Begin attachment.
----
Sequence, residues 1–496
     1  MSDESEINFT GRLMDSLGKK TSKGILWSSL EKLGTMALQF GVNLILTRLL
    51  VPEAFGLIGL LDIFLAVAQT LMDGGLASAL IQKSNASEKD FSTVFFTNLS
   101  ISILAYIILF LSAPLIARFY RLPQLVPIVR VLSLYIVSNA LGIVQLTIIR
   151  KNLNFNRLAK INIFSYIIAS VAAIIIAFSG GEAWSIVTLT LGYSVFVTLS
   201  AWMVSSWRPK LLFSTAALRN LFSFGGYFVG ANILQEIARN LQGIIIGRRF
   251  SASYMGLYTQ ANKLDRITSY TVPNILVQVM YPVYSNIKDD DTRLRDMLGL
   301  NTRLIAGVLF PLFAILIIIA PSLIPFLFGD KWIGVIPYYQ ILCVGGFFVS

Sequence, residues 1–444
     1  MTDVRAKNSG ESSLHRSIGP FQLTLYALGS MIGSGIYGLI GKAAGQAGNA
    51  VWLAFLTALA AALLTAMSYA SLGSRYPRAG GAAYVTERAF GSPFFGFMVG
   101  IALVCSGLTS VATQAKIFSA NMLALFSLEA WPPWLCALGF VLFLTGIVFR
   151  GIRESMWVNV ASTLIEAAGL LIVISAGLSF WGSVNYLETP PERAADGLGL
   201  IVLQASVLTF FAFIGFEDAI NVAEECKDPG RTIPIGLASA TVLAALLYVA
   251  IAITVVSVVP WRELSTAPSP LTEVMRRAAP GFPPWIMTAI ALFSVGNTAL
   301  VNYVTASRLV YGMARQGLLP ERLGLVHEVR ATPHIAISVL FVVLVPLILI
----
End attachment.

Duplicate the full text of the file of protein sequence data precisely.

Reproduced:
Sequence, residues 1–496
     1  MSDESEINFT GRLMDSLGKK TSKGILWSSL EKLGTMALQF GVNLILTRLL
    51  VPEAFGLIGL LDIFLAVAQT LMDGGLASAL IQKSNASEKD FSTVFFTNLS
   101  ISILAYIILF LSAPLIARFY RLPQLVPIVR VLSLYIVSNA LGIVQLTIIR
   151  KNLNFNRLAK INIFSYIIAS VAAIIIAFSG GEAWSIVTLT LGYSVFVTLS
   201  AWMVSSWRPK LLFSTAALRN LFSFGGYFVG ANILQEIARN LQGIIIGRRF
   251  SASYMGLYTQ ANKLDRITSY TVPNILVQVM YPVYSNIKDD DTRLRDMLGL
   301  NTRLIAGVLF PLFAILIIIA PSLIPFLFGD KWIGVIPYYQ ILCVGGFFVS

Sequence, residues 1–444
     1  MTDVRAKNSG ESSLHRSIGP FQLTLYALGS MIGSGIYGLI GKAAGQAGNA
    51  VWLAFLTALA AALLTAMSYA SLGSRYPRAG GAAYVTERAF GSPFFGFMVG
   101  IALVCSGLTS VATQAKIFSA NMLALFSLEA WPPWLCALGF VLFLTGIVFR
   151  GIRESMWVNV ASTLIEAAGL LIVISAGLSF WGSVNYLETP PERAADGLGL
   201  IVLQASVLTF FAFIGFEDAI NVAEECKDPG RTIPIGLASA TVLAALLYVA
   251  IAITVVSVVP WRELSTAPSP LTEVMRRAAP GFPPWIMTAI ALFSVGNTAL
   301  VNYVTASRLV YGMARQGLLP ERLGLVHEVR ATPHIAISVL FVVLVPLILI